Even though Butler County is the seventh-most populous of Ohio’s 88 counties, it produced a sparse ballot last week with only one tax issue for voters in one rural school district to decide on.
But that won’t last in the coming months.
The traditionally crowded fall ballot will return to form in November as locally elected city and village council seats, school board races and school taxes issues may be decided by voters across Butler County.
Tuesday’s election saw only Ross schools with an issue for its residents to decide, and voters there easily approved a .05 percent earned income tax increase for their schools.
And while the Aug. 6 election in Ohio also is an option for school tax issues and other local tax ballot issues, it’s a rarely used ballot window compared to the November election day, which annually is the busiest election in the state.
Some area schools are waiting for the Ohio Legislature to finish by June 30 the state’s biennium process, which will determine for many districts how much state funding for schools will be coming their way through June 2021.
Once the new state budget is approved, school districts will evaluate and re-calculate their five-year financial projections, which are state mandated, and then some may decide to put local school tax issues on the Nov. 5 ballot.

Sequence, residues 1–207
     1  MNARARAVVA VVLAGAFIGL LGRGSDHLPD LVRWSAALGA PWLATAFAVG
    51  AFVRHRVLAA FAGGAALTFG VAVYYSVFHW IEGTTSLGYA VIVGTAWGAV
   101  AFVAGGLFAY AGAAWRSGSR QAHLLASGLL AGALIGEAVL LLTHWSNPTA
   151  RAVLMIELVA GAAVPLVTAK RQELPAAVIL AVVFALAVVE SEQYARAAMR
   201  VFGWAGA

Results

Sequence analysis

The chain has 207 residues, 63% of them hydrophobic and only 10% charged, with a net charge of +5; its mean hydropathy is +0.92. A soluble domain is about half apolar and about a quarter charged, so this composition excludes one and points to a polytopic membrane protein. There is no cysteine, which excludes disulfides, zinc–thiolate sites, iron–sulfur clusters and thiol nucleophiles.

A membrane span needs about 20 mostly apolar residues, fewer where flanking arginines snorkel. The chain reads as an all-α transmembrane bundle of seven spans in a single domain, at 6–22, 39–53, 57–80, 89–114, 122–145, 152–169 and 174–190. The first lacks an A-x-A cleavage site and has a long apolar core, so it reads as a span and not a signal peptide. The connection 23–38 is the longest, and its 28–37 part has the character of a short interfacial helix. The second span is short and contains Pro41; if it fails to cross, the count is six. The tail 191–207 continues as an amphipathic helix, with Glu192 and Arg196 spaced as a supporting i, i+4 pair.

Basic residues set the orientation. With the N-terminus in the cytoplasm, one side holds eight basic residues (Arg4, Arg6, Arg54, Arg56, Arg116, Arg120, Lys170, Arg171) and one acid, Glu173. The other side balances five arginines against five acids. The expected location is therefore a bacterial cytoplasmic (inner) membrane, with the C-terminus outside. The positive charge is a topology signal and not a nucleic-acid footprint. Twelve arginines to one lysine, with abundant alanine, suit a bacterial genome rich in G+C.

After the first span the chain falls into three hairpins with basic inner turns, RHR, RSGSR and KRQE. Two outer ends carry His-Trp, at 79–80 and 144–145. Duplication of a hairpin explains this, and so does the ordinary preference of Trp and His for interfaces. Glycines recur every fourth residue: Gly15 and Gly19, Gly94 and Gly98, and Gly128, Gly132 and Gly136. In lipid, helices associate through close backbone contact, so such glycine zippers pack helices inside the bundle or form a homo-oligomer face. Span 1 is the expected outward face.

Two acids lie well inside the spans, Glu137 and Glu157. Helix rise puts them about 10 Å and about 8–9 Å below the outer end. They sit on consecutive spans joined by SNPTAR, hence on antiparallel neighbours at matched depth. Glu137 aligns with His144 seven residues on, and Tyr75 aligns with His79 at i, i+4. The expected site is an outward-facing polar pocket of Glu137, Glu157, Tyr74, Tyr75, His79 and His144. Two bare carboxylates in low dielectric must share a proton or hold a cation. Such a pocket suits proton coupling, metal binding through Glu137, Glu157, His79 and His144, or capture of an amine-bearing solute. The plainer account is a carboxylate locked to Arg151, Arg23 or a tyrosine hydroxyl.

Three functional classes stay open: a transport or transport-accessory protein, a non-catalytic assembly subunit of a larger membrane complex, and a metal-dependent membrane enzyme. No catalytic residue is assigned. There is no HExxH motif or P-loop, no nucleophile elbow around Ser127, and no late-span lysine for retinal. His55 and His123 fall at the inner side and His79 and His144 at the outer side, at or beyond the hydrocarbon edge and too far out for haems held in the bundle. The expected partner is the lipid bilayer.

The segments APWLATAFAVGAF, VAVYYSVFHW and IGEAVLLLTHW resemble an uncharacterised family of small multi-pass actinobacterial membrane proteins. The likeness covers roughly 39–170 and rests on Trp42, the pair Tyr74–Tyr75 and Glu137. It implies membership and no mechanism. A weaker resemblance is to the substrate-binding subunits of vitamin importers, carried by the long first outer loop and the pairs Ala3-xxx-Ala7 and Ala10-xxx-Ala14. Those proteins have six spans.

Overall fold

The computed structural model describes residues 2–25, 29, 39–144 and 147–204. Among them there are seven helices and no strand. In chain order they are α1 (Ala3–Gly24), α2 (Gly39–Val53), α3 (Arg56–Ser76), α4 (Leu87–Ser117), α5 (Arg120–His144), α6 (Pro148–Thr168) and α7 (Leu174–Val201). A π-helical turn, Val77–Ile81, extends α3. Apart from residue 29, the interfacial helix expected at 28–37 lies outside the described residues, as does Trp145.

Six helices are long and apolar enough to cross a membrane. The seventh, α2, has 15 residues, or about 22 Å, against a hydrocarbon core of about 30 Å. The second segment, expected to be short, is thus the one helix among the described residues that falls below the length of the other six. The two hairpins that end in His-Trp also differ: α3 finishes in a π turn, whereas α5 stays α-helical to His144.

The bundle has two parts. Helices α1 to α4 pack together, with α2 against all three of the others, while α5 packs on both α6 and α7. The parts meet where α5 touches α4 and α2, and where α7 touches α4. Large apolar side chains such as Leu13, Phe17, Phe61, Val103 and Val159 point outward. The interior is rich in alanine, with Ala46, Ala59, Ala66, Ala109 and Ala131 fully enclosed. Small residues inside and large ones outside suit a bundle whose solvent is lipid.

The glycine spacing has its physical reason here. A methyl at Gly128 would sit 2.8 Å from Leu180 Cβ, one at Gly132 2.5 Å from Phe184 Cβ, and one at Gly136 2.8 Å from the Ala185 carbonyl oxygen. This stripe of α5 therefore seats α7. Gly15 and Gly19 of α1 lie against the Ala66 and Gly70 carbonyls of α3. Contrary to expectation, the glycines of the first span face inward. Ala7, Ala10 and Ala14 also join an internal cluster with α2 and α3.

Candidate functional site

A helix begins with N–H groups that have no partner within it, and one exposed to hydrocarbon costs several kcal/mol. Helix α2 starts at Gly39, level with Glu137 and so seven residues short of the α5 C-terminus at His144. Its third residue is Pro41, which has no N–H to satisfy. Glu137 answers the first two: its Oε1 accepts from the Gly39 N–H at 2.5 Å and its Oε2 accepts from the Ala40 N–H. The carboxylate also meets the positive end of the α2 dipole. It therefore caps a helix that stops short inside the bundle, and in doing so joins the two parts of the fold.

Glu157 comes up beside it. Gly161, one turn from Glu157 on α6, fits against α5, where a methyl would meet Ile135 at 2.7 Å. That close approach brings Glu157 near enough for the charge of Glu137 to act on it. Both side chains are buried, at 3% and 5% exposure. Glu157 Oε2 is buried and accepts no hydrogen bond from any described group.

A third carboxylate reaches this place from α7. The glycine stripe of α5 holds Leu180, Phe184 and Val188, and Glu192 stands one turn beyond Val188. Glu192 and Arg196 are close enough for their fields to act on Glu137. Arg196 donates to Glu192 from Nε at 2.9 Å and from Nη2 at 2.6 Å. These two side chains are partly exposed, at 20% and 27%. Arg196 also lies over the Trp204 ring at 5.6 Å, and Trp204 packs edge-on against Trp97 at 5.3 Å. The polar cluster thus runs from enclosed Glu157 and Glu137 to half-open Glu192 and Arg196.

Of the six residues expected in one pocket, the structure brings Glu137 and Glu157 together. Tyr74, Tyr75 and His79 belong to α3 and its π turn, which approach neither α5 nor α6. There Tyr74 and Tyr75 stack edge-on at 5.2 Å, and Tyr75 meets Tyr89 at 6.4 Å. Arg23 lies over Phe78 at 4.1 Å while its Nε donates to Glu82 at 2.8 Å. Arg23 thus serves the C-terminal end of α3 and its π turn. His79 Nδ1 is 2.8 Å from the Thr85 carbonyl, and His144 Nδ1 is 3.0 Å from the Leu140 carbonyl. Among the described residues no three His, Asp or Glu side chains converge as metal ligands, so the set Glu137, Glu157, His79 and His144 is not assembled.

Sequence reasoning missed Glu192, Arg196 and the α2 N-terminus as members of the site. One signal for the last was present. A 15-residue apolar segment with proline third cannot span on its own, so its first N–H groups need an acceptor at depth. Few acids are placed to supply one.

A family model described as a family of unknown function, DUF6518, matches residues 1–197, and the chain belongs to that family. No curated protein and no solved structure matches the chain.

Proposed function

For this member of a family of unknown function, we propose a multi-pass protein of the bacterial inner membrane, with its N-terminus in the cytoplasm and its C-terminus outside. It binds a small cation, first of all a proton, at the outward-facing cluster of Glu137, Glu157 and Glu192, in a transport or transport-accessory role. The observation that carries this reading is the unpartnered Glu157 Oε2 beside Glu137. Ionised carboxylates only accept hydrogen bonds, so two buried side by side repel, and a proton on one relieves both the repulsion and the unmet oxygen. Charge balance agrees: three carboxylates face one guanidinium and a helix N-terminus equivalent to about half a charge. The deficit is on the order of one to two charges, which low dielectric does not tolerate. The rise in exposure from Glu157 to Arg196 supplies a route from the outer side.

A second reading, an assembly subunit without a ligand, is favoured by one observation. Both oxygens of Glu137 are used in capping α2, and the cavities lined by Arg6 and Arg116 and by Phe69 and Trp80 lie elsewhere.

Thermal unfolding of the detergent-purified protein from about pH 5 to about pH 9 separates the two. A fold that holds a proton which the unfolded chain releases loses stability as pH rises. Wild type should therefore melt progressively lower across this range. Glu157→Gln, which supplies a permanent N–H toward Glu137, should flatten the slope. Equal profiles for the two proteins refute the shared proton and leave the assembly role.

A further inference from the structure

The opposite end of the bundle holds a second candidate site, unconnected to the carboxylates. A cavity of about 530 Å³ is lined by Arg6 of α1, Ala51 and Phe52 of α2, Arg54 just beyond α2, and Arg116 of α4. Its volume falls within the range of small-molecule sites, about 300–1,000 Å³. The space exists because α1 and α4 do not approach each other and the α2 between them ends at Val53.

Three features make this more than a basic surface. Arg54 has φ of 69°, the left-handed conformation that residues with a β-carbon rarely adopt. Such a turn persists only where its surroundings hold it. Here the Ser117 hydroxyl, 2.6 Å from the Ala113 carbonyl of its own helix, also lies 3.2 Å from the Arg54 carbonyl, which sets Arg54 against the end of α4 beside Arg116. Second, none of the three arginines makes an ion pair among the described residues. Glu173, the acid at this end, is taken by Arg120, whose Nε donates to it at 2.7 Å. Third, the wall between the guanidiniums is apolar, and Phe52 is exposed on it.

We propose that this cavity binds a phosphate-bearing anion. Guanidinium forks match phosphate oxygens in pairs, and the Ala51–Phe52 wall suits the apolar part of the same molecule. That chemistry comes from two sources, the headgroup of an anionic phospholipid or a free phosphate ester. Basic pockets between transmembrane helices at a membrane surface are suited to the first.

And regardless of whether local schools go for any tax hikes, voters will decide on at least two open school board seats in their local school systems when they go to the polls on that day.
The number of school board seats in Ohio are determined by school enrollment size and in Butler County, all 10 public school districts have five-member boards.
Every chance local voters have to decide on a local issue or political office is an important time, said officials at Butler County’s Board of Elections office.
“Whether it’s a presidential general election or a special election for a school issue, our attitude at the board of elections is always the same: every election and every vote matters,” said Diane Noonan, director of the board of elections.
“We recognize any election will affect the daily lives of Butler County residents in education, public safety and economic development,” said Noonan.
Eric Corbin, deputy director of the Butler County Board of Elections, said though November’s election day is months off, those wanting to vote earlier can act now to make sure they receive early-voting ballots.
“They can request a ballot by mail starting now, which will be mailed on October 8, 2019 or they can vote in-person beginning that same day at the board of elections until the day before the election,” said Corbin.
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